One of the major differences, between the free woman and the slave girl is that the slave girl is not permitted veiling.
One of the major differences, incidentally, between the free woman and the slave girl is that the slave girl is not permitted veiling. Sometimes a new slave must be whipped into the streets, for she is ashamed to be seen in public with a naked face.
This makes a great deal of cultural sense as the face seems far more expressive, revealing, personal, and sensitive than the body. That it should be seen in public, stripped, disrobed of the privacy of its concealments, is often traumatic for a new slave. To be sure, she is likely later, as she learns more of her collar, and her own desirability, to do gladly without the inconveniences and encumbrances of the veil. She thinks of herself, and conceives of herself, in a new way. Perhaps, too, there is something of a masculine conspiracy involved here. Men certainly enjoy looking upon the features of one another’s slaves.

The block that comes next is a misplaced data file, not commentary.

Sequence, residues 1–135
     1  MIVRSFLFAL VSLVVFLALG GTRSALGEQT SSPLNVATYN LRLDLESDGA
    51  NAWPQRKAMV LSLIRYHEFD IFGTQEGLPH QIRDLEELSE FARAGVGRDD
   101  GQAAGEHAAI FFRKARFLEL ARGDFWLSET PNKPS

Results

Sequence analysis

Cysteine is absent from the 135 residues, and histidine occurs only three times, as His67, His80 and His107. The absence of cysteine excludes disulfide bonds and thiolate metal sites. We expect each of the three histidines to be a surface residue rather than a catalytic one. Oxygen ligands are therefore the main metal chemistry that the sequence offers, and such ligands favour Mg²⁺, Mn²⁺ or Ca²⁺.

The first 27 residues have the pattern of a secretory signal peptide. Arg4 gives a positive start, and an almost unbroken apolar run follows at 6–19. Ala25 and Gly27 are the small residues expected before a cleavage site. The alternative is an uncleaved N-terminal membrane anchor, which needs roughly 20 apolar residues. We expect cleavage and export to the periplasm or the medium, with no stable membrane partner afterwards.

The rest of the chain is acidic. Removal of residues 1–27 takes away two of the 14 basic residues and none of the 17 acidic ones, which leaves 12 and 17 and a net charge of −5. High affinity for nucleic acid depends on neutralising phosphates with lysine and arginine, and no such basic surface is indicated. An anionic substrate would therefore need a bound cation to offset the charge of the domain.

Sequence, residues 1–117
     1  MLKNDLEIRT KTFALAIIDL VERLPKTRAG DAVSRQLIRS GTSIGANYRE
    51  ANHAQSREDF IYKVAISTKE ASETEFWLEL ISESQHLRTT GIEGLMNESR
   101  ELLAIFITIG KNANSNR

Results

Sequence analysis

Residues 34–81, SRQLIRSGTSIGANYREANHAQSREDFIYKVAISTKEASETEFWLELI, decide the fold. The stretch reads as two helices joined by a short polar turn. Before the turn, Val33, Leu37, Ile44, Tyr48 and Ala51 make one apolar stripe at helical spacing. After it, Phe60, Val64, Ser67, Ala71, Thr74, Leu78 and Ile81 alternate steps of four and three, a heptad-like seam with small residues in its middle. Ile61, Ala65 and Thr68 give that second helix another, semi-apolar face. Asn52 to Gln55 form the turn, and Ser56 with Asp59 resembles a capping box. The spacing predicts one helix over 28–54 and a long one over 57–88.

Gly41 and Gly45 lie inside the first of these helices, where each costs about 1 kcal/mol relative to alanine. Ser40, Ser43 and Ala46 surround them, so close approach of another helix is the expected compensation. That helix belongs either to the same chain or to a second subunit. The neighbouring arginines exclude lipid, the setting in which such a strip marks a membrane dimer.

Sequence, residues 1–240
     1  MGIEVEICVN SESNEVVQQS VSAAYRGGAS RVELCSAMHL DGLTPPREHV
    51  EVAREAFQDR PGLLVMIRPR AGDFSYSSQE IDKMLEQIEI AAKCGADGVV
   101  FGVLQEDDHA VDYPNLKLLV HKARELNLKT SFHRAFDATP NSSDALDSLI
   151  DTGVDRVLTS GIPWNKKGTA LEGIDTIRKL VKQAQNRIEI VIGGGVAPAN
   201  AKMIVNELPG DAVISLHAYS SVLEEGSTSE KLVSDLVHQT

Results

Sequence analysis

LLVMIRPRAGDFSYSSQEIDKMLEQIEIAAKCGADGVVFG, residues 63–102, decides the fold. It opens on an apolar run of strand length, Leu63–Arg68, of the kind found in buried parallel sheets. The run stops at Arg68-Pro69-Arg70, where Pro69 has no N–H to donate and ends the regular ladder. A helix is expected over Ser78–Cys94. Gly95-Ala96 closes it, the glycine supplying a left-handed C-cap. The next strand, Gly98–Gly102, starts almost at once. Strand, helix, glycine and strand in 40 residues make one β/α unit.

And, of course, who would veil an animal? Does that very thought not seem ridiculous? Would you veil a tarsk, a kaiila, a sleen? So why another sort of animal, a female slave? And free women, though presumably with different motivations, also insist on denying the veil to slave girls. In doing so they emphasize the enormous and extreme difference between themselves and chattel girls. The chattel girl is nothing. She is worthless. She is no more than a domestic animal. See? Her face is bare!
Too, of course, the lack of veiling permitted the slave makes her the more likely target of roving tarnsmen, brigands, slavers, and such. It is understandable that many men may not care to risk their lives to obtain a woman who, when unveiled, may turn out to be a disappointment, one who is insufficiently beautiful to be a slave, one whose looks do not merit the iron and the collar.
Mercenaries of Gor, p. 413-414